Often, we get requests on YouTube, Facebook, as well as in our stores and at shows for tips on how to make a nice looking vivarium, terrarium, or even just a simple cage. When training new staff members, it is often one of the things most asked of more experienced staff – “Why do your cages always look so good?”
Vivarium designed by one of our most experienced cage builders, Jon Blakemore!
Designing a beautiful cage just isn’t something that comes easily to some people. In fact, for most of us, it wasn’t something we were just born able to do. Much like any other type of artistic ability, designing nice looking cages is something that you can get better at through lots of practice.
However, if you don’t have the opportunity like we do to build and take down cages every day, I’ll share with you a few tips and tricks that I’ve learned over the years here at LLLReptile.
Tip 1: Put Tall Stuff in Back!
This might seem really, painfully obvious to you at first, but there’s more to this than simply “don’t block your own view”. Not blocking your view is, of course, the biggest reason not to put tall stuff in the front of the cage, but hopefully you don’t need me to explain that in detail.
However, there is more to it than giving yourself an open view. Notice it says “Put tall stuff in back!” not “IF you have tall stuff, put it in back”. You actually WANT taller things in your cage, and especially in the back. When building cages for climbing species, they’ll need the taller items to climb on and feel at ease, and even when building cages for terrestrial species – give them things to climb on! That measly little 18″ of cage height is nothing compared to the bushes, rocks, and other terrain irregularities found in the natural habitat of pretty much everyreptile.
More to the point of simply making something look pretty, putting tall things in the back of the cage provides visual interest. It gives your eyes a direction to follow, and makes the cage look deeper and fuller to have things of differing height.
Note the use of cork hollows and grapewood to use all of the vertical space in this cage.
Tip 2: Slope the bedding so that it is deeper in the back than the front.
This ties in with Tip 1, as it makes it much easier to add taller plants and items in the back snce there is already a bump in the substrate.
Tip 3: Use flat pieces of wood or corkbark to create “corner planters”
This is where you wedge a large, flat piece of wood in the back corner of a cage, fill up the space with your planting material (I prefer coconut fiber), and stick a nice plant back there. In shorter cages (18″ or less), I’ll use a pothos or similar vine type of plant, as it’ll spill over the wood and grow out in a sort of plant waterfall.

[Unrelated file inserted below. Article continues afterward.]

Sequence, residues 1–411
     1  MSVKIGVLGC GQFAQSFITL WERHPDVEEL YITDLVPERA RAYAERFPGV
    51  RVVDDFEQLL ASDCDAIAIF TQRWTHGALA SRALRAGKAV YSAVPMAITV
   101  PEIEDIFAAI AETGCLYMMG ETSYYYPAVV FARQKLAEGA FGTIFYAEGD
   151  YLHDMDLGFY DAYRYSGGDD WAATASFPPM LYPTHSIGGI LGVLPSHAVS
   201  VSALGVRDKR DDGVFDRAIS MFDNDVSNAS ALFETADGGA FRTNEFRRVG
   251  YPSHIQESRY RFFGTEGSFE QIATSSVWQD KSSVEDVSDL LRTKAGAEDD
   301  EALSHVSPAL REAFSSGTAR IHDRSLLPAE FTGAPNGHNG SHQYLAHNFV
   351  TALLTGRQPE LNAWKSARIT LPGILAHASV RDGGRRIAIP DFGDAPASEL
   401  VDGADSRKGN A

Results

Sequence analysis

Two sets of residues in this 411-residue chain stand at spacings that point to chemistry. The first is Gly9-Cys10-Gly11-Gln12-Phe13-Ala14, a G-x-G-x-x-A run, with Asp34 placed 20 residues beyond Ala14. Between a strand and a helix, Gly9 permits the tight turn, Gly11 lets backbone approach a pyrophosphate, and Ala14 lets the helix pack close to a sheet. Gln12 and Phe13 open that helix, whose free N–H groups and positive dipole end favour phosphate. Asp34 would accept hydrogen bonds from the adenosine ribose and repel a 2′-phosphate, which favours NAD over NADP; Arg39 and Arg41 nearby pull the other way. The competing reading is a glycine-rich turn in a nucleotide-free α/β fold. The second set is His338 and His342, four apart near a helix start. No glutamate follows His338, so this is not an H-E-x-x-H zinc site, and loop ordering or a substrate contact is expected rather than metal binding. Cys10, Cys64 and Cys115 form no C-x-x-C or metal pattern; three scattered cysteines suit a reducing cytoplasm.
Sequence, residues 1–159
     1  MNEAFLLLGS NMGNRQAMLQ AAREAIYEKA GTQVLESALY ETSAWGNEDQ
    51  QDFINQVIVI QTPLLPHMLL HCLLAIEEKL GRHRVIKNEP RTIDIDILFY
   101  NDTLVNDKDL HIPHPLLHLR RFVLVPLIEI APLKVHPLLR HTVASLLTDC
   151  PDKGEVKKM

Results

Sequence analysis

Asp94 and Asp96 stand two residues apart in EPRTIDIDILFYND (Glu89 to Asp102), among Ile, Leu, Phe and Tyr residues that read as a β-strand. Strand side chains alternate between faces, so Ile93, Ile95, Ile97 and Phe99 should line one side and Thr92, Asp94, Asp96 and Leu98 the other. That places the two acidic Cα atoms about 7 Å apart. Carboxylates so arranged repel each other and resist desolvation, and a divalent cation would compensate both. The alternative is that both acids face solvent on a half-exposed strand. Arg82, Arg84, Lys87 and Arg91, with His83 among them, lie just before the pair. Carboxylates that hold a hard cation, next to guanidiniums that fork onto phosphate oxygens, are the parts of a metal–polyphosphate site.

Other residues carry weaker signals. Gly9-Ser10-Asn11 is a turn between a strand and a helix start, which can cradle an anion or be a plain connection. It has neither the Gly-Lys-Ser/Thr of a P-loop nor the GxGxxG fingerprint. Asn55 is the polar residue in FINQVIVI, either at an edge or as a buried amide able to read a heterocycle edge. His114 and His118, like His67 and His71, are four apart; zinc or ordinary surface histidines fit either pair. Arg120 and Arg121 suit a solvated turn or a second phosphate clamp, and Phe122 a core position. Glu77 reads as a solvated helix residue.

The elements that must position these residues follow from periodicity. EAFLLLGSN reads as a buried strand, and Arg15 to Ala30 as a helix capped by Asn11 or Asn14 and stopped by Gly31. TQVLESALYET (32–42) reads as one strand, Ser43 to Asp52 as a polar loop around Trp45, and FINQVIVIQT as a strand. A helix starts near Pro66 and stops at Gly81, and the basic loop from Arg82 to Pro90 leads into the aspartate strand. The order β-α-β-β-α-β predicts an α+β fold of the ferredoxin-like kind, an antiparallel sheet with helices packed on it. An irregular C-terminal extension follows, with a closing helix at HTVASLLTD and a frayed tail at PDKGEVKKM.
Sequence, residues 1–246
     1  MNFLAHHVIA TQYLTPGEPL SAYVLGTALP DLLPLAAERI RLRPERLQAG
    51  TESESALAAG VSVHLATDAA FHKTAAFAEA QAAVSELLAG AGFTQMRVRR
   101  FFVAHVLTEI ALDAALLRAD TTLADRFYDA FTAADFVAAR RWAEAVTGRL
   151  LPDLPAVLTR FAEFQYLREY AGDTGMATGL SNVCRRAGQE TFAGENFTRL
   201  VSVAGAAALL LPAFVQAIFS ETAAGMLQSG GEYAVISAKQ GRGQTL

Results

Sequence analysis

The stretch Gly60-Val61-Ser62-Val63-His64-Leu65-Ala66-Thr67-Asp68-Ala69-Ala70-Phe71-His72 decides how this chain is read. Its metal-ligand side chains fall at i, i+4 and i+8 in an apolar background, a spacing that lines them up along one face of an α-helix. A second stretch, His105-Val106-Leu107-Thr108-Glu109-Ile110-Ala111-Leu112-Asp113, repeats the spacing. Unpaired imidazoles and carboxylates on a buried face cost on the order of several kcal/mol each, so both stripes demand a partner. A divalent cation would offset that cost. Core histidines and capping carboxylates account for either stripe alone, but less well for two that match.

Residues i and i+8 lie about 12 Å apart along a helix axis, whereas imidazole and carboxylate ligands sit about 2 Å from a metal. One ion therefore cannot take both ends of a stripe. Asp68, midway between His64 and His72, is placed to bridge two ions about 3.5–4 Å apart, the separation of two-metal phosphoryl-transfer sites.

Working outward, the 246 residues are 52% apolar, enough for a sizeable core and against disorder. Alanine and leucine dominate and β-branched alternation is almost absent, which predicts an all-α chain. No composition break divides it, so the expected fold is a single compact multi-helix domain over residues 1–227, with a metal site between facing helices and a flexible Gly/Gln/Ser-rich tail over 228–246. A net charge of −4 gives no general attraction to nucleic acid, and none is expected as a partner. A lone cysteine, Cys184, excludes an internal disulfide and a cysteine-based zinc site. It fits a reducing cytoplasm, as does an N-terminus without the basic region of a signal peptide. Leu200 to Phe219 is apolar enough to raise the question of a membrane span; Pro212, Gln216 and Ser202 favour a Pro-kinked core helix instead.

Some types of vines will climb up a textured background, making a great natural curtain that many frog and small lizard species love to hide in. The cage to the left uses both live plants and coconut hides to provide a pretty and functional environment for dart frogs at the LLLReptile breeding center.
The rocks and coconut hut hide the root base for both plants in the back of the cage.
Tip 4: Don’t be afraid to move things around!
Whenever staff here at LLL build a cage, we move things around pretty constantly. Any YouTube video we’ve put up on our channel has on average, at least 10 minutes of “I hate this! It looks awful! Maybe if I put this here… No, how about here… No, wait, here… No, no, I’m going to put it… Nope, that looks bad too.”
It’s okay to rearrange everything you want to put in the cage at least 5 times. You might want to rearrange it all a few more times, just in case. For example, check out this video of me building a Crested Gecko vivarium. It’s one of the first we ever put up on YouTube of building a vivarium, and I move everything I put in the cage at least twice before settling on where it’s going to go. And that’s totally fine! How else will you decide what looks good and what doesn’t?
Tip 5: Use a nice water bowl
Nothing makes a cage look like junk quite as fast as seeing a flimsy tupperware as the water dish, or a dirty dog bowl. Pick up a nice corner dish that you can easily clean, or for added coolness, try using a waterfall or bubbling fountain.
Tip 6: MOSS. Moss EVERYWHERE.
I am a firm believer in that there is no such thing as too much moss in a cage. Not only does it help with humidity, but somehow a cage just doesn’t look finished until moss has been added. Here at LLL, we’ll often keep a big orange bucket full of water and New Zealand Sphagnum Moss so that we can easily add moss to any cage we build.
You can also use green sphagnum moss to create a more natural feel to a cage.
Tip 7: Keep Practicing!
Pretty much the simplest, easiest way to get better at cage building is to keep practicing. Try new items, move things around, add new plants if you decide you don’t like what you put in there anymore. Your cage is not set in stone, and it doesn’t have to stay exactly the way you first set it up forever.
|You’d be surprised at what items end up being preferred by your animals. Try these neat false Mushrooms on Rocks – they’ve got perfect little depressions in them that get small puddles of water. Dart frogs love sitting in them!